V. Absent a Compelling Justification, Other Anti-Takeover Measures by Funds are Unlawful.

As explained above, opting into a CSS violates various sections of the ICA including Section 18(i) and, absent a compelling justification, is also a breach of the board’s fiduciary duty. Of course, there are other actions that a board can take to impair the ability of shareholders to effectively exercise their franchise rights. All of them are likely expressly prohibited by the ICA and, even more likely, all of them constitute a breach of fiduciary duty.

For example, the boards of some CEFs have adopted a bylaw that requires that, in order to be elected as a director, a nominee must receive not merely the most votes at a shareholder meeting but a majority (or more) of the votes of holders of the fund’s outstanding shares. Its primary purpose is to make almost certain that in a contested election no nominee will be elected so that the incumbent directors will then “hold over” in their positions. As former Director Donohue observed, “[T]his amounts to an anti­ takeover device that keeps the existing board in place.” A vote requirement that is intended to result an incumbent director continuing to serve despite getting fewer votes than a challenger at a valid shareholder meeting violates Section 18(i) (and Sections 18(a)(l)(C)(i) and 18(a)(2)(C) if senior securities are outstanding), and Section 16. In addition, it clearly constitutes an action taken “for the sole or primary purpose of thwarting a shareholder vote” which, absent a compelling justification, constitutes a breach of fiduciary duty under Blasius.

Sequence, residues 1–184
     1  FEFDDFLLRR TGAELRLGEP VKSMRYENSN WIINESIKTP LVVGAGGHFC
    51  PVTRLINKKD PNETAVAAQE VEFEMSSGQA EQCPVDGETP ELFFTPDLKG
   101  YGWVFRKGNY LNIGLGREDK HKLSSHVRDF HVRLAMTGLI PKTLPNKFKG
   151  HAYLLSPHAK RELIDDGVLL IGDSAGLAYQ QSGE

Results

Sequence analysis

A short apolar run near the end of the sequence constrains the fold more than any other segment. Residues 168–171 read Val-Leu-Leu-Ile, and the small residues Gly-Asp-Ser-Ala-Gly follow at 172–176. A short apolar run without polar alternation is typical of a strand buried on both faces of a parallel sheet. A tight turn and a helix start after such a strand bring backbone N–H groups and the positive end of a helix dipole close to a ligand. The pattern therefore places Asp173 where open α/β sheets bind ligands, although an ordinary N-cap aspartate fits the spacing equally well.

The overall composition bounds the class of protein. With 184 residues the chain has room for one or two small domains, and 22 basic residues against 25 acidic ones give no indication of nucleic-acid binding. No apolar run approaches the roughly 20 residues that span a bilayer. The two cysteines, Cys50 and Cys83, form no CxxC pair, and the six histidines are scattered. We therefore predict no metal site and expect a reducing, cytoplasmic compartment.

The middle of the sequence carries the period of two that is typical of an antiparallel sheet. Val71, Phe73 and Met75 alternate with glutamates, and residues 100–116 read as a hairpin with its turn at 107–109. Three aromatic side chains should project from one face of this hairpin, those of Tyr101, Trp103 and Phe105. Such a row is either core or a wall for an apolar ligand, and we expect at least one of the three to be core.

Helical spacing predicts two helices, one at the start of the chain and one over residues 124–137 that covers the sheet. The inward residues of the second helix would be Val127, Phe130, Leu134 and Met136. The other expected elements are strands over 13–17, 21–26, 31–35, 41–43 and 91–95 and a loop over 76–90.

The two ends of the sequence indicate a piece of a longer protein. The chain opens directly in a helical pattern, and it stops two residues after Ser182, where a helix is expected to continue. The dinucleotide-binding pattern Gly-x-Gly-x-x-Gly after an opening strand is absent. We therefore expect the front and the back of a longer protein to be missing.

To illustrate the practical effect of a “majority of outstanding shares” bylaw, consider the 2019 annual shareholder meeting of Neuberger Berman High Yield Strategies Fund held on October 3, 2019. Each nominee proposed by a dissident shareholder received approximately 6.2 million votes vs. approximately 4.0 million votes for each incumbent. Yet, because no nominee received the votes cast by holders of a majority of the fund’s approximately 19.5 million shares outstanding, each incumbent director whose term expired at the meeting continued to serve as a director “until his or her successor is elected and qualified.” This outcome cannot be squared with Section 16(a) or 18(i) or with the board’s fiduciary duty to permit shareholders to elect directors of their choice.